I’m told history is doomed to repeat itself, but I never thought I was worth the consistency. Again this year, just like last, I was rejected as a TA in West Thought 2A06. I write this not in angst, but in unbelievable denial that even when I’m serious, I’m not worth the effort.
Perhaps I say this as a large farce, but I don’t think so. If this year has taught me anything, it is that I have learned nothing. No matter what I do, no matter what I say, or what I try, it seems that I’m unable to break from an endless storm. Failure has become my flood and I’m just trying to stay afloat.
I’m told that this is a blessing in a way: the moment of success will be so sweet. But I am unsure. When you have become numb to everything, there is no success, no happiness. There is only what you told yourself there would be – another day, another problem, and another chance at an answer.
It seems I have none currently. I can’t fix the mess I find myself in and I think that my cover letter for 2A06 proves that well. It is attached below, I guess, for consistency’s sake – not because I think it is worth anything. It isn’t. I have the rejection to prove it.
Dear Dr. Greenspan,
Months back, you asked me how I was doing. It was during Kauffeehaus with the exuberant music fit for students tired of the year gone by. We passed each other only briefly, enough for you to notice my unkempt hair, my grizzly beard, and my somewhat dirtied clothes. I looked less than divine but I was able to muster out an answer in a strained voice, “All is well.” I think I can still hear your laughter booming.
We parted ways, and after it all, after the celebration ended and the singing ceased and I eventually found myself writing this cover letter wondering where the time went, I realized that there comes a moment when a person must realize that all is not well, it never was, and maybe never will be. For me, the time came after our encounter. I looked at myself in the mirror with a waning smile, and I saw that beyond my sloven appearance, beyond my attempts at nonchalance, I was struggling to understand my life and its reason. My consciousness suddenly became tinged with an exacting tiredness and the void of everyday became poetic but lacking in meaning.
Rousseau wrote that, “We were born free, but everywhere we are in chains.” Despite his spirited discourse and haunting remark, I think that he forgot there is comfort in shackles. The rhythm of everyday: rising, eating, bus rides, school work, Monday, Friday – all following the same beat, the same consistency and monotony to which we comfort ourselves. Only once we break this daily convergence of pursuits do we see ourselves as we are; that is to say, a boy struggling to do his best impression of a man.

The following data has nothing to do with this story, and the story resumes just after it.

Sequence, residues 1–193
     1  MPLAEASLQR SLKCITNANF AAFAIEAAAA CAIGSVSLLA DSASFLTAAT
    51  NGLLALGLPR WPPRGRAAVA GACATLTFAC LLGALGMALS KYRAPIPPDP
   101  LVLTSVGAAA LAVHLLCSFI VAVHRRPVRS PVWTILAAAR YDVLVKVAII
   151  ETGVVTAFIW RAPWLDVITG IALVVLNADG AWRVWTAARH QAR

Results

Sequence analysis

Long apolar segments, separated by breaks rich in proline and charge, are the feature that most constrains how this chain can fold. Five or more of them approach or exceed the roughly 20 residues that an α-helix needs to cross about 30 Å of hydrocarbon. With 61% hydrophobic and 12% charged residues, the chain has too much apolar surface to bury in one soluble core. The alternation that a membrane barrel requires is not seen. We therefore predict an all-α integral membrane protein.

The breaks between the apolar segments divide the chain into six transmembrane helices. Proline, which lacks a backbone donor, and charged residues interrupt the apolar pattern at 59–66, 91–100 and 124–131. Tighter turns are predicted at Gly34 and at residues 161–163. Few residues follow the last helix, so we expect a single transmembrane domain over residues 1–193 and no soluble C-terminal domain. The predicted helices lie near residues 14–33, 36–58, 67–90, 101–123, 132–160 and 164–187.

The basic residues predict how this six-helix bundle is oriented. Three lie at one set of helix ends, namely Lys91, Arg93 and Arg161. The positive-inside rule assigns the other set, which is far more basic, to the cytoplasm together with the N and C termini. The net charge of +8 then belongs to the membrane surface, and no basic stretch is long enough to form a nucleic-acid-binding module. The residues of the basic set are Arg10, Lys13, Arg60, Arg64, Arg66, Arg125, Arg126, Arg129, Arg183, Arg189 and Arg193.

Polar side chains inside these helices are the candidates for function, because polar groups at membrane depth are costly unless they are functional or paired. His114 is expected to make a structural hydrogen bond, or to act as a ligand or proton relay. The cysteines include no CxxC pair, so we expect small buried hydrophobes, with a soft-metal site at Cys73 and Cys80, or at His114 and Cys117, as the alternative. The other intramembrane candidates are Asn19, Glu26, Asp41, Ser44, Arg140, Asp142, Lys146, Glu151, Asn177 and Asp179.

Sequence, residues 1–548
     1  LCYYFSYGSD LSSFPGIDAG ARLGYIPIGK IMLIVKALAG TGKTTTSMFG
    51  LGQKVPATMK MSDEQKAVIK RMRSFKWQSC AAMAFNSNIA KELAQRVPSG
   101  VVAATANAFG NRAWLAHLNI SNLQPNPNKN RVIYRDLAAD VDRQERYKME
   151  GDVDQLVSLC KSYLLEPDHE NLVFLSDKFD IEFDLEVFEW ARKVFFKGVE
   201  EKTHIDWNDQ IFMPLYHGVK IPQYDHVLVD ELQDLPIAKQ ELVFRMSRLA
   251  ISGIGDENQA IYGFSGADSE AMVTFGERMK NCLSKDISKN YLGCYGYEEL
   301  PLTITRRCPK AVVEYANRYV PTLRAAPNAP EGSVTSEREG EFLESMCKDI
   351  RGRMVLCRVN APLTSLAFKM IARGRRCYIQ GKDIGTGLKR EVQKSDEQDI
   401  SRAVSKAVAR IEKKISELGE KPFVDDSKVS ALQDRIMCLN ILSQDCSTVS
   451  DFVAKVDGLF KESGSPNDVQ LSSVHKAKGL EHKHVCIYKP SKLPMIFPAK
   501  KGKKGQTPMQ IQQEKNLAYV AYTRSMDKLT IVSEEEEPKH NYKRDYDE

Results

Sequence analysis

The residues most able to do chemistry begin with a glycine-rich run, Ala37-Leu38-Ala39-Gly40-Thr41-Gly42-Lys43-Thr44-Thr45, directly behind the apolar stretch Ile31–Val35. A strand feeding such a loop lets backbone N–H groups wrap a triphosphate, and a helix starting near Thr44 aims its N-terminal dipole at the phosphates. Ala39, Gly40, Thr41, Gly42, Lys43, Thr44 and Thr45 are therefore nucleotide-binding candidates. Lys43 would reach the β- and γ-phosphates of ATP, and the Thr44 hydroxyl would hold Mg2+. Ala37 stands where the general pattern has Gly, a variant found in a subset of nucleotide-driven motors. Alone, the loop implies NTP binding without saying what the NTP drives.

I think awareness of this daily absurdity is the epicenter of all philosophy. All else is secondary. All else is a revolution against the first principle, against the delusion that this chromosomal lottery of a life is normal.
But I did not always understand this. For as long as I care to remember, I have had a predilection for philosophy and its development. As I prematurely understood it way back when, I determined that philosophy was just a defense against the irrational, a special language that dealt with the unreasonable. Yet when you mentioned in your first lecture that western civilization came about from a series of revolutions, I could not help but raise my hand in disagreement (which served as greater proof for you), and when you stated that this led to the disenchantment of the world as noted by Max Weber, I decided right then that I would work for progress and re-enchantment.
I tried throughout the course to reinvigorate the mysticism of civilization, as I believe my essays, my tutorial contributions, and my constant discussions with you portrayed. Besides choosing admittedly challenging thinkers, Jean Jacques Rousseau and Friedrich Nietzsche, I expanded their primary texts to try to place them in whole of Western Thought. Rather than see the thinkers as stagnant, dead figures, I expressed the family of great minds from Kant to Freud, from Hume to Kierkegaard, from the heightened moralists to the chatty philologists, to the vast moral plane to which they were all tied.
In tutorial, I further connected the dots of this universal scheme of philosophies. When St. Thomas Aquinas was mentioned, I associated him to Voltaire’s Candide yet contrasted him to Joseph K. in Kafka’s The Trial. When Plato was brought up, I mentioned Summa Theologica in support for his argument of Ideal Forms and Erasmus’s Praise of Folly as a counter point. For each thinker, having already immersed myself in the primary texts, I tried to find the connections that united them and defined my carnivorous lust for the development of Western Civilization as I saw it – a mystical sphere of possibility and unending hope.
But I was wrong. There was no meaning, no overarching philosophy, and no grand unification that brought every idea to the surface and explained the progress, regression, and subsequent reemergence of Western ideals. The world was disenchanted. Like you hinted at on the first lecture, western civilization was a cycle of war, peace, and war again in that order, and all of it, from Camus’s The Plague to Luther’s 95 Theses to Descartes’s solipsism, was absurd because we were. Humankind was a hilarious hiccup in the Universe.
Yet only when we hold our breath, redden our face, and try to give ourselves and what we do meaning, does this life take any significance. For this reason, I am applying to TA West Thought 2A06. In seeing the absurd, I saw meaning, and this course, I believe, helps the individual understand their place in the greater whole of the world.
It goes on for a bit more, though that is of little relevance now. I mean it.